You need to have a decent awareness of RFC 4733 if you expect to use a Codec like G.729 on your SIP trunks and allow your users to enter touch tones on their calls. That's because G.729 does not support sending DTMF digits. In this case, RFC 4733 is absolutely required to pass them along.
I won't get into the mechanics of how this works. It's enough for you to know that the two media streams exist in order to properly provision SIP trunks, session border controllers, and communications servers. Failing to understand this RFC will lead to unusable IVR (Integrated Voice Response) units and very unhappy customers.
One thing that we don't lack in today's communications technology are choices. Depending on the maker and vintage of your system, you might use SIP, H.323, Skinny, UNIStim, or any number of other standard or proprietary signaling protocols to make and manage calls. It's also not uncommon for a single system to use more than one depending on the endpoint or network requirements.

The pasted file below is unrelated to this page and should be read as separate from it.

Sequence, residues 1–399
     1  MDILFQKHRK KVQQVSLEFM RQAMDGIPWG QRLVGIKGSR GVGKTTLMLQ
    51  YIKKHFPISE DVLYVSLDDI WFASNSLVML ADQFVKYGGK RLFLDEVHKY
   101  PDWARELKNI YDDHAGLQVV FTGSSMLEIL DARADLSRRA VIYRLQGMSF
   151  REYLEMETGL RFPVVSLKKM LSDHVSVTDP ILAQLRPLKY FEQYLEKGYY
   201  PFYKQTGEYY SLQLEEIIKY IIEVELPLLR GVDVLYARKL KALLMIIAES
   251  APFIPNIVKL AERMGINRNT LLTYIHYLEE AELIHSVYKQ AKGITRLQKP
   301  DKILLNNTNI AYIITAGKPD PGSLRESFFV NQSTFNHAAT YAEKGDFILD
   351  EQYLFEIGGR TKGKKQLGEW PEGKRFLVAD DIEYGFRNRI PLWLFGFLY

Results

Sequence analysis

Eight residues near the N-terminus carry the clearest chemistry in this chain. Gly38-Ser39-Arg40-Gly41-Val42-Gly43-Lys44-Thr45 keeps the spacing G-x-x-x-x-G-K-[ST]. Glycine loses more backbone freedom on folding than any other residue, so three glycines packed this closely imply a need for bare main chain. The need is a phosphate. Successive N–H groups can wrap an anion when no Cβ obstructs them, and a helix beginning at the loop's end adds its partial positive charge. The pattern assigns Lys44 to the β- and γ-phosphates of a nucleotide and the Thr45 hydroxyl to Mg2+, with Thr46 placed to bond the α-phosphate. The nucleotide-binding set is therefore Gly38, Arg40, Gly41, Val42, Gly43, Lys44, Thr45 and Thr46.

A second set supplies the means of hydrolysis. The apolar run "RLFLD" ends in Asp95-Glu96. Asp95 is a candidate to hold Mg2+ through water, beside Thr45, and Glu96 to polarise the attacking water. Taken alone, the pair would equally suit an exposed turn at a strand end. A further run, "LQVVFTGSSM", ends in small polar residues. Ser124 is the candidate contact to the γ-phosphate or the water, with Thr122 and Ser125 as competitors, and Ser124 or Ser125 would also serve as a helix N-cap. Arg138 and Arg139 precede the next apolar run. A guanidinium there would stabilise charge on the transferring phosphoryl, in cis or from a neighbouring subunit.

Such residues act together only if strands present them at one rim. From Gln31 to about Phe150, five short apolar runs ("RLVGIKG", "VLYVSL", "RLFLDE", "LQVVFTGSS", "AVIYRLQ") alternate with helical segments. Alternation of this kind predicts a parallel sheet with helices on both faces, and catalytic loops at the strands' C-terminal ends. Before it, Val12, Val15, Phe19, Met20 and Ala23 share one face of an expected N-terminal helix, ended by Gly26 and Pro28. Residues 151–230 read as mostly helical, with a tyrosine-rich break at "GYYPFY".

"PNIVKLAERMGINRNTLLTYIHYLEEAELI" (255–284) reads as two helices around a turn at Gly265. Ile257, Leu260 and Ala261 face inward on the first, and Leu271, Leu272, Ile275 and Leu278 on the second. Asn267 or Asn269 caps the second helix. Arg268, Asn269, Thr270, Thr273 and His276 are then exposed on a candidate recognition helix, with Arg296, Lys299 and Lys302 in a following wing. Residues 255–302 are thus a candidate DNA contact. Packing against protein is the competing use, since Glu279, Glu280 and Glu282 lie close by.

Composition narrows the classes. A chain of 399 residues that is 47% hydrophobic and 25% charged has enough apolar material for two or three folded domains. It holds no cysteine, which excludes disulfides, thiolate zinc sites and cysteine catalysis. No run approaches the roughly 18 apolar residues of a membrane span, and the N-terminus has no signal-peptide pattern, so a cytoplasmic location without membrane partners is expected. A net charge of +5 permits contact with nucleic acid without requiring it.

In all cases, signaling is not media. For instance, SIP is used to establish a call between two endpoints, but it is not used to transmit G.711 or G.729. Sure, it's involved in setting up the media stream, but that media stream is not SIP. Technically, it's a protocol called Real-Time Protocol (RTP) and the media itself is described by yet another protocol, Session Description Protocol (SDP).
You need to be aware that even though something is called a standard, liberties have been taken by various vendors and one implementation may have issues working with another implementation. This is certainly the case with SIP, where Nortel SIP looks different from Avaya SIP, which looks different from Cisco SIP. Thankfully, products like Session Border Controllers and Session Management servers have the ability to adapt SIP from one vendor to look like SIP from another vendor.
For another look, please refer to The Trouble with Standards is that They Rarely Are.